During the spring of 1985, fans of the Gainesville High baseball team routinely backed up their trucks onto the side of Elephant Trail, sat on the tailgates and settled in to watch Deuce Roark and his teammates play one final season on the campus field.
By the summer, the team had moved its operations to the new Ivey Watson Field at Lanier Point. The campus field has not hosted a high school game since then.
Nearly 30 years later, the Gainesville softball team and its fans will start making their own memories at the long-dormant field.
First-year coach Roger Parham was at the forefront of the effort to create an on-campus home for the Lady Red Elephants, who previously played their home games at Lanier Point Park.
“It was on my three-year plan to get them on this field,” Parham said as he sat in the dugout Wednesday, surveying the new infield mix. “We’ve got that done in about two and a half months.”
Parham will coach Gainesville’s first game at the newly-renovated field today against West Hall. First pitch is scheduled for 5:55 p.m and admission is free.
More than 100 tons of infield mix, 10,000 square feet of sod, 350 feet of outfield fencing and 70 feet of fence for the backstop have transformed what used to be a field used for recreation events into a competitive site for the Lady Red Elephants.
Roark, who played his freshman year at the field before the baseball program made the switch to Ivey Watson, said that playing on campus felt like home.
“That’s all we knew, that’s all we had,” said Roark, who is now the athletic director at Lakeview Academy. “It was a small little field. Basically 300 feet all the way around, which made it very interesting to be a pitcher.”
The field dimensions are even smaller now, complete with a new fence that stands 210 feet from home plate in straightaway center field.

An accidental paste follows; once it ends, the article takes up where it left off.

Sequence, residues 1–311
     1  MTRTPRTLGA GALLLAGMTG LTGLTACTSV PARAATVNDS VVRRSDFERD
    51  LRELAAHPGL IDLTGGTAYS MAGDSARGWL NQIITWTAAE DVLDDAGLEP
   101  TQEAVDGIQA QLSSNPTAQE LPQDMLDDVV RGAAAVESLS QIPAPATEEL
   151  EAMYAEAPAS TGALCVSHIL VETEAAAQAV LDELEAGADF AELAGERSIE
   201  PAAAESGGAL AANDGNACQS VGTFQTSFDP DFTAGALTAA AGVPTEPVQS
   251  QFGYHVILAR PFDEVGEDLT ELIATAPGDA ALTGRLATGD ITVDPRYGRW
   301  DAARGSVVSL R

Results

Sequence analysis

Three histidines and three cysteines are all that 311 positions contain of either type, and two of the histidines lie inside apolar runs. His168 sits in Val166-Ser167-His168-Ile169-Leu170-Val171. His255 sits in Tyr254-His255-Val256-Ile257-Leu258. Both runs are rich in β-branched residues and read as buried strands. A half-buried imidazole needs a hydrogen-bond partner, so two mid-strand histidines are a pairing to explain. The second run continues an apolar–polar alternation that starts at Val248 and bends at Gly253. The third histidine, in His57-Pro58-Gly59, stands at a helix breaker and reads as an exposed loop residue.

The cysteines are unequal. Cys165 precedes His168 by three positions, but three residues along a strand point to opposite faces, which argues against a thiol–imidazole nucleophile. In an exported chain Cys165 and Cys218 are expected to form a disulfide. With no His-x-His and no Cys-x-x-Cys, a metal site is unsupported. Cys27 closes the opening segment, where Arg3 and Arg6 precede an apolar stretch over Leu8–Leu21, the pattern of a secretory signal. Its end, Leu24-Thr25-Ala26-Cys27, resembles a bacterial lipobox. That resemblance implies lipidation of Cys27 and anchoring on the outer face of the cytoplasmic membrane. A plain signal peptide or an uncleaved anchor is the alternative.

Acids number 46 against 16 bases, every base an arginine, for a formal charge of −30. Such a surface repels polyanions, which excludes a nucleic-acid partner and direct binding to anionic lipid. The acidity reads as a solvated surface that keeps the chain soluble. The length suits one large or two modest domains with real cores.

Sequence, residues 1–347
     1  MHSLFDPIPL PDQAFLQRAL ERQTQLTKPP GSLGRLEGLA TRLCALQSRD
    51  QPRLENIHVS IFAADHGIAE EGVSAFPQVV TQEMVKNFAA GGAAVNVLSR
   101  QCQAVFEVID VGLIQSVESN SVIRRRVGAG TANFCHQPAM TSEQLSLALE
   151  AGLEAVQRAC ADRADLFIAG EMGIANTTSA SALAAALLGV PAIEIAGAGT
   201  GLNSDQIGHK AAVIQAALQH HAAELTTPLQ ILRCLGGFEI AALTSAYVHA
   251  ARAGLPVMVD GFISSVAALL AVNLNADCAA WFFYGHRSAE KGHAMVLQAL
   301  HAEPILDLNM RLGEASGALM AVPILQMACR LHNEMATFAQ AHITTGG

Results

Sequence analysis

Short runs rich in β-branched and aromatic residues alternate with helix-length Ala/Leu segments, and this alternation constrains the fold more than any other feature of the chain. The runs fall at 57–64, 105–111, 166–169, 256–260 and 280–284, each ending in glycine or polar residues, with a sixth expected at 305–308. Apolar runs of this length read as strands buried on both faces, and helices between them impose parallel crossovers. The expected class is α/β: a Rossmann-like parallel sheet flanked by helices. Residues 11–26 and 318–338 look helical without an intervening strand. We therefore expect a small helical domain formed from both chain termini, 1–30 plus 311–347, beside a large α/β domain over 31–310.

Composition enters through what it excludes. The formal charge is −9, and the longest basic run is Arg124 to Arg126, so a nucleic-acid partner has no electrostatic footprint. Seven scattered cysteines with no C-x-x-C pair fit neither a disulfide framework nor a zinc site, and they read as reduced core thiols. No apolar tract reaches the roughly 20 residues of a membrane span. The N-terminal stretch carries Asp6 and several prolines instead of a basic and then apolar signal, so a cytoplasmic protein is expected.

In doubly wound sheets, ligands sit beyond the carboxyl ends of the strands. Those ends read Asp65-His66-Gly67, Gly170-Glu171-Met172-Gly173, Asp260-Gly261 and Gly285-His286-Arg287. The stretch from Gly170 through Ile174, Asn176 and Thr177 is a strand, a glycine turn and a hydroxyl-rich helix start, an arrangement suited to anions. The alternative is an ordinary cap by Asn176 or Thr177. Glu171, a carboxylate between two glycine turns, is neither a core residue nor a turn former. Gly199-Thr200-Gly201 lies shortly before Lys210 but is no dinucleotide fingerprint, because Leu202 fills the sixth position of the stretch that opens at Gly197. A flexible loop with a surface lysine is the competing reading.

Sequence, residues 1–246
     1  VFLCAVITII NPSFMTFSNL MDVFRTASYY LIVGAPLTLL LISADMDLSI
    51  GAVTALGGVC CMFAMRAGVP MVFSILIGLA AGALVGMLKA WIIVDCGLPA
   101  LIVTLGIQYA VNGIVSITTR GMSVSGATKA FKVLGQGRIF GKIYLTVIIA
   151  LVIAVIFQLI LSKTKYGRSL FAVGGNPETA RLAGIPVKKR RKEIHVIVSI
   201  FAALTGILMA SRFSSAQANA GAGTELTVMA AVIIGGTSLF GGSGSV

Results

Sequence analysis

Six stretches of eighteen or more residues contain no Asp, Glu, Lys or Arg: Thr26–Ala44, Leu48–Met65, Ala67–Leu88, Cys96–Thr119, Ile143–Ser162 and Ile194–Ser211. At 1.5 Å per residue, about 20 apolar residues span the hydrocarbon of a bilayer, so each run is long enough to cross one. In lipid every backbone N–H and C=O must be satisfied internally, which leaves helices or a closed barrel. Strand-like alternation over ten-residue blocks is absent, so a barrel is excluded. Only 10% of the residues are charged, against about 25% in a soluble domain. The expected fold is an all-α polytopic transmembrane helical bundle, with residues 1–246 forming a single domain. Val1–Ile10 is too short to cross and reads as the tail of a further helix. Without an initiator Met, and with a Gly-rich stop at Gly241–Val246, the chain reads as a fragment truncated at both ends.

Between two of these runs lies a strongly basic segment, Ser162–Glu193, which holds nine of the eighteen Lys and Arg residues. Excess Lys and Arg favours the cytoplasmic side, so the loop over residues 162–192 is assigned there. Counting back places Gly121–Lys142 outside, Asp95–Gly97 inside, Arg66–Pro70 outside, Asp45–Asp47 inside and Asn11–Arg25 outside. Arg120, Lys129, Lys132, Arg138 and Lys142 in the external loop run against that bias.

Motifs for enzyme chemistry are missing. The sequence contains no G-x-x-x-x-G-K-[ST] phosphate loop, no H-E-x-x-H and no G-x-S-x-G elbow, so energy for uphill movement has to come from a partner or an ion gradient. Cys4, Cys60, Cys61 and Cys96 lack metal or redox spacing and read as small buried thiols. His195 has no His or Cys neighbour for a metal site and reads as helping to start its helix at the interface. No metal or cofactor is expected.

There are more updates coming, according to athletic fields manager David Presnell. Field and turf contractors have been working since May to get the field ready for competitive play, which included revamped lighting fixtures and dugout benches, which were built by Gainesville High students during a summer program.
The hope is to also invest in a new scoreboard, as well as to replace the dugout roofs, which are originally from the 1980s.
“We have goals for a long-term renovation,” Presnell said. “It’s very exciting and the kids absolutely love it. They want to play here on campus and this gives them a feeling that this is their home.”
Gainesville went into Wednesday’s game at Central Gwinnett 3-1 on the season following games against Johnson, East Hall and Towns County.
Parham said he’s looking forward to celebrating “a little bit of the new and the old” as his Lady Red Elephants take the field for the first home game.
If the community and school body make the short trip out to see Gainesville play, the investment will all have been worth it, Parham said.
“There’s excitement going on in Gainesville softball now,” he said. “Now, with the girls, with much given, much is expected. I want to make sure these freshman girls get the chance to experience the postseason by the time they leave.”